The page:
I like the idea that writing is a personal and even intimate practice and there are so many rich ways to express our thoughts and vulnerabilities. The individuals that told their stories were vulnerable, honest and inspiring. They expressed an optimism and possibility even in light of some that had great adversity to deal with. Thank you KPCC for bringing the voices of LA to our community and thank you Erik for encouraging us to write and start new conversations.
We launched our second HRoundtable this past week with the help of my long-time friend and wonderful consultant, business owner Sonya Kemp. Sonya believes in the notion that giving to others and allowing a group to learn from each other strengthens the outcome for everyone. Adam Grant talks about this in his giving book, "Give and Take." We have eight wonderful managers in this group from premier companies and they are already demonstrating their passion to give to each other and learn.
They are energized to be sitting at the table with their peers from other companies and industries. The range of perspectives is broad and fascinating. They will meet quarterly to focus on forward looking ideas in order to build their influence as new managers and strengthen their strategic points of view.
The idea of a peer learning group is not new. We have seen many models like this across the executive suite and beyond into other functional areas. What is exciting about this group and our HRoundtable in general is that we build the notion of giving from the start and it becomes the norm for the group. People carry it forward in their interactions and ultimately this improves the process and how they contribute overall. The bar is raised on who fits in the group and how they will build enriched networks and collaborate too.
It dawned on me that the HRoundtable that Sonya is now leading is embracing the four attributes that contribute to being a giver. As Adam Grant writes about this in his book he states that "givers rise to the top." The have a unique approach that includes; networking, collaborating, evaluating and influencing. Adam also explores how givers, takers and matchers build networks. It is quite different. The taker might be described as a self promoter or self absorbed. The giver looks at the world in abundance terms and in generosity. Givers gain. Thank you Sonya for being a part of this newly formed group and giving your generous spirit and experiences to this team.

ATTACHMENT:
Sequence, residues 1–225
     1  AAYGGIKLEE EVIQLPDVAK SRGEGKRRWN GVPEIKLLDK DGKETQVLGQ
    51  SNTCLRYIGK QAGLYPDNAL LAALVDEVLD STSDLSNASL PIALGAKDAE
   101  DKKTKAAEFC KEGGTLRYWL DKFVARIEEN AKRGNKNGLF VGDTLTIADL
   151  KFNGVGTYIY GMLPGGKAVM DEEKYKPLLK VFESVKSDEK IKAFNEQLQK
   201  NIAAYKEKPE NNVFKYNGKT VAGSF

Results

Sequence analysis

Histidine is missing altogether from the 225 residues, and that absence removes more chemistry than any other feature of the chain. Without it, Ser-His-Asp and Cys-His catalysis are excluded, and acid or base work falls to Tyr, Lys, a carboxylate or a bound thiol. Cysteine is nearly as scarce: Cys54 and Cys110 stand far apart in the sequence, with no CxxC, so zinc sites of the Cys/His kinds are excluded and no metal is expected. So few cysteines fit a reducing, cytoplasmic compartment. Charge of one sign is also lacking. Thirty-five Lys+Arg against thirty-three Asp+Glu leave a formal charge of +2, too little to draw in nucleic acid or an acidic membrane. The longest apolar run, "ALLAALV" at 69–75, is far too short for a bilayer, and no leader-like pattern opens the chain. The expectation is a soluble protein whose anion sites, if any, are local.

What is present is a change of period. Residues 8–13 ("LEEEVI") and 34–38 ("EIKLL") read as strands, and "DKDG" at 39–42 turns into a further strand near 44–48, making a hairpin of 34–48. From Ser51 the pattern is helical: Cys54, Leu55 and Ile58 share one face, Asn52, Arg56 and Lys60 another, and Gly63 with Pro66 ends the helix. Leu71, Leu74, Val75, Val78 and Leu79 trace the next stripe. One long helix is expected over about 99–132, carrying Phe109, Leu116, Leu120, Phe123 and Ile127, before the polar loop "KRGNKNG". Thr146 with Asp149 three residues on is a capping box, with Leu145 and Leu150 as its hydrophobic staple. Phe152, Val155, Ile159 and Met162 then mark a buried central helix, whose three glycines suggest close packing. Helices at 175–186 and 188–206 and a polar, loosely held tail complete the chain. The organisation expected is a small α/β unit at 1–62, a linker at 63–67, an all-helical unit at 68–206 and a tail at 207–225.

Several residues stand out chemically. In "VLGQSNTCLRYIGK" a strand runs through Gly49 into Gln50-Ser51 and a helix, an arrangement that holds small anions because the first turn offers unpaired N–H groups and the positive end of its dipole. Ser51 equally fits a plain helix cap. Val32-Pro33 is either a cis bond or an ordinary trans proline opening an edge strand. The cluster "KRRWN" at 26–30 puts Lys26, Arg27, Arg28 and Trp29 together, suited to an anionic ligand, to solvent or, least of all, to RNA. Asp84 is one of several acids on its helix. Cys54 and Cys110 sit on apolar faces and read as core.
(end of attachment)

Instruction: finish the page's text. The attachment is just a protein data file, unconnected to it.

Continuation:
I had the opportunity to meet an MBA class from the Talent Management program this past week at Pepperdine Malibu campus. Apparently this is a new one year MBA program within the Graziadio Business School that is focused on talent management. The students come with experience in HR. They have an impressive curiosity and point of view around talent and what it takes to engage people today. They are engaged and enthusiastic about the new world of work.
They are redefining success for themselves and no doubt will challenge the status quo. That is refreshing. If you have not met any of the Pepperdine grads - take the time to do so! Some are unconventional, however, and that is what was exciting.
Professor Jack Gregg asked me to speak to the class and knowing Jack for so many years and respecting his passion for learning, I accepted and really enjoyed the experience. We discussed the "New Take on Talent" and how that is playing out in work, workers and the workplace of the future. Specifically I shared perspective and data on engagement and how that is changing with many driving forces in the business and with what talent wants now. I shared real examples of what we are seeing in progressive organizations and how the employee experience is driving change.
They asked great questions and were energized with our discussion about where new work is happening in the next few years and how they can redefine that for themselves.
Following the presentation several students introduced themselves and expressed interest in internships for the summer. This is part of the requirement for their graduation. What a great way to meet new grads with new ideas. Upon returning to my office later that day (yes, it was a long drive) there were many linkedin requests from the students. They were personalized and thoughtful. Congrats to them for using the concept of "tailoring" your message to a new connection. Check out this program. More important is to meet an MBA or graduating student who expresses interest in talent and talent managing. They have redefined success and we can all learn from this.